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Loss of independence: Impacts and prevention

CISSS de la Montérégie-Centre

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Download the brochure on the loss of independence: Impacts and prevention

In the last century, life expectancy in Canada has increased to 80 years old for men and to 84 years old for women

However, when we talk about ageing, we also want to think about ageing well and maintaining independence in a secure environment.

While the loss of physical and cognitive autonomy is associated with ageing, it is possible to prevent, delay or diminish the impact of such losses on individuals. It is essential that seniors and their loved ones receive adequate information about health and safe environments and receive the services necessary for their needs. 

Moreover, loss of autonomy is not only a question of advanced age; it can also be the result of an illness, a handicap or an accident or the consequence of a physiological, anatomical or psychological problem.


Signs of loss of autonomy

Many people are not sufficiently prepared for the onset of loss of autonomy and as a result, the experience can be extremely difficult for the person and his or her family and friends. It is essential to detect early warning signs in order to be proactive in preventing loss of autonomy or reducing its impacts.

Physical signs of loss of autonomy:

  • Difficulties with balance and flexibility that can be the result of weakening muscles. The use of certain medications can also contribute to disturbances in the sense of balance and spatial orientation.  Such problems can put a person at risk for falls. 
  • Hearing and visual loss, which can lead to increased social isolation and security issues.
  • Changes in eating habits or the loss of interest in food.
  • Abnormal tiredness, sudden loss of energy.
  • Presence of bruises or fractures may indicate a problem of reduced mobility, memory loss or mistreatment.


Behavioural signs of loss of autonomy:

  • Indications of memory loss – increased forgetfulness, pots left on lit burners on the stove, getting lost although in familiar places, etc.
  • Incoherent speech, repetition of anecdotes or information.
  • Difficulties in carrying out personal hygiene and atypical negligence of clothing or wearing clothes inappropriate for the social situation or the weather.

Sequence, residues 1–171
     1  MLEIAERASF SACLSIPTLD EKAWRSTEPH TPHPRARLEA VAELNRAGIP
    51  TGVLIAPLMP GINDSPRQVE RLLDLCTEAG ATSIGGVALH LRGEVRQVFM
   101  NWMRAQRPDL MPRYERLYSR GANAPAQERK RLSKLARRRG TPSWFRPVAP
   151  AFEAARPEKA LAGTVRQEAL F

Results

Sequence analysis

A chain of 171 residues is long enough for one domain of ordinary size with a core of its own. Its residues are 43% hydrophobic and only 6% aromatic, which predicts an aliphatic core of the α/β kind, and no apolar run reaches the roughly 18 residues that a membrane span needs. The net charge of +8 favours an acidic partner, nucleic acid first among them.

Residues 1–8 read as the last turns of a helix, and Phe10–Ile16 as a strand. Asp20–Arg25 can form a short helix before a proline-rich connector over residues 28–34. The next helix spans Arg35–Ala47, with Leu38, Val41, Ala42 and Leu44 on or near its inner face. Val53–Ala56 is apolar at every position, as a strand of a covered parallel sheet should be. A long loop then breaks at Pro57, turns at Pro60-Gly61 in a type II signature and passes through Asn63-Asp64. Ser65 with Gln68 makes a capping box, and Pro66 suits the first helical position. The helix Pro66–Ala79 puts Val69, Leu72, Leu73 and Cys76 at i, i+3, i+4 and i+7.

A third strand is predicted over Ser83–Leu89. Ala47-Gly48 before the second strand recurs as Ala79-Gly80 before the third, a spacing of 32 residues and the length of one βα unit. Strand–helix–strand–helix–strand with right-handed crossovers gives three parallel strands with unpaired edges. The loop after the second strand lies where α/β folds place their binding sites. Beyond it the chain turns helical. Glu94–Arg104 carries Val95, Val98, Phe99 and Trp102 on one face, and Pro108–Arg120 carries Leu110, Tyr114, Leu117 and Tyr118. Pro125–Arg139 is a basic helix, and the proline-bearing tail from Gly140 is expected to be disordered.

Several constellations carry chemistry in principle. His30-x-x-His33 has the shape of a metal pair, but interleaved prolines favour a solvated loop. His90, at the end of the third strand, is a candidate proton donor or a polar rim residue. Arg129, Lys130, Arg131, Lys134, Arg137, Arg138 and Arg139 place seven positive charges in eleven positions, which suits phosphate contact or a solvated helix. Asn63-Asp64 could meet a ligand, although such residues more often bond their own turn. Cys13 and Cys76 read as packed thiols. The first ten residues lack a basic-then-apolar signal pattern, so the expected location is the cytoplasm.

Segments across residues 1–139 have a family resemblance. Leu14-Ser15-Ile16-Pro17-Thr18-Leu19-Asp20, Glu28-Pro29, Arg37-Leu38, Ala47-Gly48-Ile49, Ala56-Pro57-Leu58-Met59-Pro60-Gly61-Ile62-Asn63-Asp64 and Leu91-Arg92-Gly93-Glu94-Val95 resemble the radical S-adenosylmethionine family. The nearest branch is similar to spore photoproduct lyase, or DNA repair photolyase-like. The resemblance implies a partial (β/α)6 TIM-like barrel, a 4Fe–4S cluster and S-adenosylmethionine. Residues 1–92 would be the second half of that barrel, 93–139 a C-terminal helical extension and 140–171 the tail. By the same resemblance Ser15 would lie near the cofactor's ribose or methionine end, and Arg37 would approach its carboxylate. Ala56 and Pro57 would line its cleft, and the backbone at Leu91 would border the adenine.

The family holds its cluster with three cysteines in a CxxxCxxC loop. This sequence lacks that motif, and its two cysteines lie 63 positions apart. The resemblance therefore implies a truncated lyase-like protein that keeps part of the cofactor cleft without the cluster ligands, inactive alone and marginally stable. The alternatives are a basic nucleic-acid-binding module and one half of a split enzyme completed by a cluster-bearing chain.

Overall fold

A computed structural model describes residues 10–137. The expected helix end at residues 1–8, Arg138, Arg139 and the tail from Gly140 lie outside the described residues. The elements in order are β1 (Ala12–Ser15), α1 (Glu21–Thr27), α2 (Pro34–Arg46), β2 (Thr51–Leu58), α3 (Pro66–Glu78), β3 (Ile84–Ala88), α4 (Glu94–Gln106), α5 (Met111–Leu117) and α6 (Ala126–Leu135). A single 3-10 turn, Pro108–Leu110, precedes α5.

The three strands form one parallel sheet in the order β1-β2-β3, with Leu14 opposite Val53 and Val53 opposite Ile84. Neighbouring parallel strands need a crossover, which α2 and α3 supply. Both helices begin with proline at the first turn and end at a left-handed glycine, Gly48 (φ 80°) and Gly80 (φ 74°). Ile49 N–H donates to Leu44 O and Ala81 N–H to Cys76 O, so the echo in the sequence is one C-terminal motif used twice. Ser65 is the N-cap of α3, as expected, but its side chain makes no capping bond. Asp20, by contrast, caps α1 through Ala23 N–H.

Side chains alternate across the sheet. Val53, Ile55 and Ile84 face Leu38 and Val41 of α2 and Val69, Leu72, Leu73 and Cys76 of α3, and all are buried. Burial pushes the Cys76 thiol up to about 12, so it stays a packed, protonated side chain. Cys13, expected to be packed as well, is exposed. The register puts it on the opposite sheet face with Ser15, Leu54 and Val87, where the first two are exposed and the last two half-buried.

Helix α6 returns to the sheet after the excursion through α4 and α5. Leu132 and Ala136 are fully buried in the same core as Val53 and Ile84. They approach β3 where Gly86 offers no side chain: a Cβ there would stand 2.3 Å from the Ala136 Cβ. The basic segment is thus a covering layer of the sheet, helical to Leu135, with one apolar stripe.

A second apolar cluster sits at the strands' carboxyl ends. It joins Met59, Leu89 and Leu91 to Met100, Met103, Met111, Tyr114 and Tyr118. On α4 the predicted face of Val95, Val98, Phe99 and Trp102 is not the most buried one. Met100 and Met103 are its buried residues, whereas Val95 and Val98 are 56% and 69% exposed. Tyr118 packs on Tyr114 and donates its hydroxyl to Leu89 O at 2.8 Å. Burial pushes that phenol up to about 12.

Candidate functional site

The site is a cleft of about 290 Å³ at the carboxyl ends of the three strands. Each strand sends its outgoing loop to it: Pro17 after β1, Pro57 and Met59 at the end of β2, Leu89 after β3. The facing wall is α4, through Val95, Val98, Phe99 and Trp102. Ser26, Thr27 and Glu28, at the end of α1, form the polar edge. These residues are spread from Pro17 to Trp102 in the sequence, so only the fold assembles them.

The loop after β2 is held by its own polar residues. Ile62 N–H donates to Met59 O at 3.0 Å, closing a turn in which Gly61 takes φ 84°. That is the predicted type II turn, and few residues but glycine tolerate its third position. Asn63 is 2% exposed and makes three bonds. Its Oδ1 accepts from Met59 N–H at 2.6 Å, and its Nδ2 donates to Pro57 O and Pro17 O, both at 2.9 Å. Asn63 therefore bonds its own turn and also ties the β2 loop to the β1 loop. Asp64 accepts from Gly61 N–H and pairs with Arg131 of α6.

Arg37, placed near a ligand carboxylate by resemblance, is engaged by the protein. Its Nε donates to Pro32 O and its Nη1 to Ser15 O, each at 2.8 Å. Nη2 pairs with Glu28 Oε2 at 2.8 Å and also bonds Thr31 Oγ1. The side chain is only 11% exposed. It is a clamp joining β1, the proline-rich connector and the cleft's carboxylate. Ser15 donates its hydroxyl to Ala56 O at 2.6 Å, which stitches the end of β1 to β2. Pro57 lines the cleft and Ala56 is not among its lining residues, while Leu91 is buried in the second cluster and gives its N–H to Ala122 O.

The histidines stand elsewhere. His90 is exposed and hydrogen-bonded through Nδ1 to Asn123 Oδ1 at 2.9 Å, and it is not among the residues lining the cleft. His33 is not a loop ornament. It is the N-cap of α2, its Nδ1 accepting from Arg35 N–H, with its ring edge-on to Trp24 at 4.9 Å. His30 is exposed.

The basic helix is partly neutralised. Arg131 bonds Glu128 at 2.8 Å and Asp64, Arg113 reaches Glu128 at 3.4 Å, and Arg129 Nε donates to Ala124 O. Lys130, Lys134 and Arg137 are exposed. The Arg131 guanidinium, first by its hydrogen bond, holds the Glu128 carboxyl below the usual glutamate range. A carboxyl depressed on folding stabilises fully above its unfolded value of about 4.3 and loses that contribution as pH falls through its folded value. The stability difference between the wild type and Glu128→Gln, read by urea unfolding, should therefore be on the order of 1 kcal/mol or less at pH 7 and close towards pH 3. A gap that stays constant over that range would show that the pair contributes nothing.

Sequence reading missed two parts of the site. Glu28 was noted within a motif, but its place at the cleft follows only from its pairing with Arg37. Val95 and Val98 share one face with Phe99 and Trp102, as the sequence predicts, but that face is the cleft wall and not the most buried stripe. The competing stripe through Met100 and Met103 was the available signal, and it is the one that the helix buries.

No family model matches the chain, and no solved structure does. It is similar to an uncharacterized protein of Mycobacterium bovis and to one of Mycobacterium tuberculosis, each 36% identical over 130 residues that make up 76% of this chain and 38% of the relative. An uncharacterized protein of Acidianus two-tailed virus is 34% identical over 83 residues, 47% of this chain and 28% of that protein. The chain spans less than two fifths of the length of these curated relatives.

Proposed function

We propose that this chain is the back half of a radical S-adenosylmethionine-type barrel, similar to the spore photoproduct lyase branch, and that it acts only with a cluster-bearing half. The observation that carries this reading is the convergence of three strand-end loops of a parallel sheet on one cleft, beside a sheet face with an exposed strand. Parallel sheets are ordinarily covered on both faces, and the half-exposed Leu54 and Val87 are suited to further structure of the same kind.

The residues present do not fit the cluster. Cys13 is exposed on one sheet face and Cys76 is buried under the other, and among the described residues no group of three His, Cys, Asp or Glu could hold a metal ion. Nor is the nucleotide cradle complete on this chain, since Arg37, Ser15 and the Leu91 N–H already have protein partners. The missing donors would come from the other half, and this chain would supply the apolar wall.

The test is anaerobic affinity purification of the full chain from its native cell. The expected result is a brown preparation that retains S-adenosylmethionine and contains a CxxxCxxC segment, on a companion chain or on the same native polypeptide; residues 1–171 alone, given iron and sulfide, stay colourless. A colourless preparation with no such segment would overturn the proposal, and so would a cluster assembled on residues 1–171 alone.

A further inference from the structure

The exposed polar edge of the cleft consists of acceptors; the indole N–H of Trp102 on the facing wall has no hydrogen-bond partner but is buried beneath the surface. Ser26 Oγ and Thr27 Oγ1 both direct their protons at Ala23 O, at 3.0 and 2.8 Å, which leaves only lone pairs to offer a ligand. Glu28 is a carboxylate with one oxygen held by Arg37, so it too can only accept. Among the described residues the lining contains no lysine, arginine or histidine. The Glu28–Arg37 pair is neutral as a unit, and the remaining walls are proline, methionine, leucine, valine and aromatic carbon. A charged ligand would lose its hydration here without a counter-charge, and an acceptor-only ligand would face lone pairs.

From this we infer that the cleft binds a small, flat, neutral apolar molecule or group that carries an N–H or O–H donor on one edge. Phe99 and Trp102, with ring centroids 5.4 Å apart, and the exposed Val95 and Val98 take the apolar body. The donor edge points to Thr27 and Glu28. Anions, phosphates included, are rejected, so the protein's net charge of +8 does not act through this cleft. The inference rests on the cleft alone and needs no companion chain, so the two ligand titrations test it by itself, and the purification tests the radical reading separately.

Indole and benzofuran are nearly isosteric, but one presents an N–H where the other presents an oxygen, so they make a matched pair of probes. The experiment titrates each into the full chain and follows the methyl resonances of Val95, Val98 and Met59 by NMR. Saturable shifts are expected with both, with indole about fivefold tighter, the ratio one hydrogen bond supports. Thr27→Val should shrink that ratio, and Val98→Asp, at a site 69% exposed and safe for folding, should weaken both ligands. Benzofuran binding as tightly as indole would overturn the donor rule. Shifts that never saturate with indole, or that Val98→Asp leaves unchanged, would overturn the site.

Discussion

• Mood swings, feeling depressed, feelings of persecution.
  • Self-isolation, loss of interest in social activities and an increasingly inactive lifestyle.
  • Change in routines : Sudden and/or increased deliveries of pharmaceutical products or perishable goods such as food
  • Recent history of traffic violations, fender-benders or accidents. Difficulty in estimating distances. Unusually long time for habitual  journeys.
  • Getting lost on regular routes.


How to maintain or prevent a loss of autonomy

The good news is that there are simple actions that you can take to regain control over your loss of independence, slowing it down or even preventing it.

  • Choose to take care of yourself and take part in decisions that concern you.
  • Get regular medical check-ups.
  • Get your hearing and sight checked. 
  • Use medication as prescribed by your medical practitioner.
  • Use mobility aids such as canes or walkers as recommended.
  • Keep active physically:  Limit the amount of time spent sitting around. Walk as much as possible.  Do varied physical activities that emphasize balance, strength training and moderate aerobic exercise.   It is important to check with your doctor before beginning a new activity or exercise programme. 
  • Make sure your home is safe by reducing risks for falls and other injuries.
  • Engage in life: Participate in group activities, socialize with friends and family or volunteer.
  • Stimulate your brain by taking courses, doing puzzles or creative activities such as painting or gardening.
  • Eat a balanced diet.
  • Refrain from the use of tobacco.


If, in spite of everything you are doing, your limitations are already preventing you from caring for yourself or enjoying your usual activities, local health and social services and community organizations offer services to support you and your family and friends.  


Don’t know the services in your area?

Health and social services in Québec
Establishments offering services to Autochtones and northern populations
Non-profit organisations
Health and social services in Canada
  • Government of Canada
  • Alberta
  • Colombie-Britannique
  • Manitoba
  • Nouveau-Brunswick
  • Terre-Neuve
  • Territoires du Nord-Ouest
  • Nouvelle-Écosse
  • Nunavut
  • Ontario
  • Île-du-Prince-Édouard
  • Saskatchewan
  • Territoires du Yukon


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